Moro Negrito Surf Camp is a good choice for the complete package. Says Steve Thompson, one of the camp's owners, many of the best spots are off Panama's many islands. But "most local surfers and 'shoe-string budget' surfers do not want to rent a boat and pay for gasoline. They want to pull up at a surf break on the mainland and surf." The camp has access to breaks for all experience levels, and offers lessons for the beginners in your group. In between sets, kayak, snorkel or just kick back in a hammock.
At the other end of the spectrum, there's ice climbing. Grab your ice axe, crampons and ropes — and hook up with one of Iceland's many guides who know how to conquer the glaciers that cover 11 percent of this small island nation. Routes are available for all ability levels, but beware of Icelandic understatement when choosing your climbs. While Icelanders grade their routes using the same scale as climbers in the States, routes tend to be rated lower than comparable pitches in the U.S. When you've had your fill of scaling waterfalls, there's always a party going on in Reykjavík, the lively capital.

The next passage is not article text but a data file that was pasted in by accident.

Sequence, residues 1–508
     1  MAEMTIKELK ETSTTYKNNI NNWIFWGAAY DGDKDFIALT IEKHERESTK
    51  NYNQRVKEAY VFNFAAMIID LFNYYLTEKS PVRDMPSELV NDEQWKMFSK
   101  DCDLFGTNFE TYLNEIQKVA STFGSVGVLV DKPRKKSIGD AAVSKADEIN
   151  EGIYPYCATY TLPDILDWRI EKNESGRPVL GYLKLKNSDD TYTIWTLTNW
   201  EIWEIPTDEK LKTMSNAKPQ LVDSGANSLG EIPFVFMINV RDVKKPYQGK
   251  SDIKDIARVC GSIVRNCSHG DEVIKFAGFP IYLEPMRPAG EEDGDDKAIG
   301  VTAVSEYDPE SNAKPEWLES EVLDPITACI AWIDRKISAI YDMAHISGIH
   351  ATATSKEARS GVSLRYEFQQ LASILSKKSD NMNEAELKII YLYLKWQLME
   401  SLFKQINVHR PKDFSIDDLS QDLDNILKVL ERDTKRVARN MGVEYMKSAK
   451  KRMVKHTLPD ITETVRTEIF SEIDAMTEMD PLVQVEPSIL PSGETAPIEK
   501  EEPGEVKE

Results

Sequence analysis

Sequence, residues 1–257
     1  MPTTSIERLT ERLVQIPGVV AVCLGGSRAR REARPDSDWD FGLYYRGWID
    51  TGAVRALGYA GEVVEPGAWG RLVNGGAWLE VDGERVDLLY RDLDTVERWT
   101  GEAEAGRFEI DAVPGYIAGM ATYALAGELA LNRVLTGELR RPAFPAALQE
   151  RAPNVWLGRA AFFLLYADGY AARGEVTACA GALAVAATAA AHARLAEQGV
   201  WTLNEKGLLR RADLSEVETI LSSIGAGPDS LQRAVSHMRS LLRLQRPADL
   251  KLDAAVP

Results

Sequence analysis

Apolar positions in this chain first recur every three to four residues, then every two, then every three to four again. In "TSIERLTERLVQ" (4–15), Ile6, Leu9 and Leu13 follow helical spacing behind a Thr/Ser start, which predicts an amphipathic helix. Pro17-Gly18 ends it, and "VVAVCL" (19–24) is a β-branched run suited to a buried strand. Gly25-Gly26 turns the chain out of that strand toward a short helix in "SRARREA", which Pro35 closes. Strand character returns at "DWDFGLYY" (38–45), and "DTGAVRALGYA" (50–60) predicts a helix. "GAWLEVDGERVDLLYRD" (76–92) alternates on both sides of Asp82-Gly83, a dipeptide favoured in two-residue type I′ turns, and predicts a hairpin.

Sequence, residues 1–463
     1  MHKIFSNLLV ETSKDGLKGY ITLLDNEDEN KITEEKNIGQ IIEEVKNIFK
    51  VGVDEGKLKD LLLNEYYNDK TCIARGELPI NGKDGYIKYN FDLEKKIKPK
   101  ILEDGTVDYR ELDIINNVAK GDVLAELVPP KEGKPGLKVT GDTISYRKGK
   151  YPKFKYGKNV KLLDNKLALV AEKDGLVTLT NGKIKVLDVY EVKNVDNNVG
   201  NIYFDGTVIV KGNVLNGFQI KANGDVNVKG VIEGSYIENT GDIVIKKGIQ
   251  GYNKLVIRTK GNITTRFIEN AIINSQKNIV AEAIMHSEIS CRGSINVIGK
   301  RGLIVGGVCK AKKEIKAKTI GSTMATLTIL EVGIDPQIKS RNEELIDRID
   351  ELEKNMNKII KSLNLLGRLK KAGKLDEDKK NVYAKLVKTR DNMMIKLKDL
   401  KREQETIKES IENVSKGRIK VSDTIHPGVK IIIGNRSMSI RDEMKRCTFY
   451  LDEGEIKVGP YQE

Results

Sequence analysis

Regardless of which high-octane getaway you choose, the best advice is: Start planning now. "With so many schedules to coordinate," says Jake Schraufnagel, "you need… three to four months in advance if you are planning to travel." And when it comes to adjusting your plans to make everyone happy, do what's best for the groom first — and then think about the group.
If you pull it off, pat yourself on the back. You will have given the groom-to-be a sendoff from bachelorhood that's more memorable than another predictably inebriated night in Tijuana or Las Vegas.